The Douma chemical weapons investigation and the role of Ian Henderson

Brian Whitaker
9 min readJan 2, 2020

Many of the recent claims about “irregularities” in the OPCW’s investigation of a suspected chemical attack in Syria revolve around an employee called Ian Henderson. His exact role has been a matter of dispute but now leaked documents give a clearer picture.

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In a report last March the OPCW’s Fact-Finding Mission (FFM) found “reasonable grounds” for believing a toxic chemical had been used as a weapon in the Syrian city of Douma.

That conclusion was immediately disputed by the Assad regime along with its chief ally, Russia, and various elements on social media. Criticism of the investigation has now turned into a campaign to discredit the OPCW more generally.

One of the main allegations is that the outcome of the Douma investigation was “pre-ordained” by western powers and that OPCW staff who disagreed were systematically ignored, sidelined and over-ruled.

Documents posted online by WikiLeaks — the latest batch appeared on Friday — are said to support these claims, though on the whole they don’t. They give plenty of examples where suggestions or criticisms from staff, far from being dismissed, were actually taken on board.

However, the documents do identify one staff member who clearly had serious issues with his employer. Ian Henderson, a South African, had long-standing connections with the OPCW — he was one of the first inspection team leaders recruited after its formation in 1997 — but in May this year he was suspended from duty and escorted out of the office.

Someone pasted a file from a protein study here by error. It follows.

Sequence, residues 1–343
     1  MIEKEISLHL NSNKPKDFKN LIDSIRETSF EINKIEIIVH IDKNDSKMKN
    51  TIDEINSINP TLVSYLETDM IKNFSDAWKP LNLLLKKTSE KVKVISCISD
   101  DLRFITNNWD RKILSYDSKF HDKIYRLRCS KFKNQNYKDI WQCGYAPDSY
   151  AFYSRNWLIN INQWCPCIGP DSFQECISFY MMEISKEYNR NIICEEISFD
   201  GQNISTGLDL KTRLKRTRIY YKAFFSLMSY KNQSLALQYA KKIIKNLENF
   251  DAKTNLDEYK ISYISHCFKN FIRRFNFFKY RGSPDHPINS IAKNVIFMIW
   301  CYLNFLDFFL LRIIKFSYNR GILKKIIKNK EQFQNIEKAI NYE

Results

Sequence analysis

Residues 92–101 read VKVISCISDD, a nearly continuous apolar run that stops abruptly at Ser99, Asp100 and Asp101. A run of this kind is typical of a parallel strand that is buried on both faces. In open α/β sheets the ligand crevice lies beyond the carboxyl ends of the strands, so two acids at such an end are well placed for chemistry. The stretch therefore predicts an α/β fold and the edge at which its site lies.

Henderson in Douma

Henderson’s supporters say he was a member of the FFM who has later excluded because of his dissenting views. The OPCW says he was not officially a member of the FFM and, judging by the leaked documents, his bosses regarded him as a loose cannon, meddling where he was not wanted.

There’s no evidence in the leaked documents that he was ever formally recognised as a member of the FFM though he did become quite heavily involved in its activities during the deployment to Douma.

When the FFM arrived in Syria to investigate the alleged chemical attack, Henderson was already in Damascus as a liaison officer in the OPCW’s Command Post there and he continued in that role for five more weeks after the FFM had left.

During the FFM’s deployment Henderson spent several days with them on the ground, and according to the OPCW there was nothing unusual about that: it was “customary” to “temporarily” assist.

He is said to have made inspection visits to an alleged chemical weapons production facility, to “Location 4” where one of two gas cylinders had been found, and to a hospital nearby. He later went to an undisclosed location to re-examine the cylinders and apply seals to them.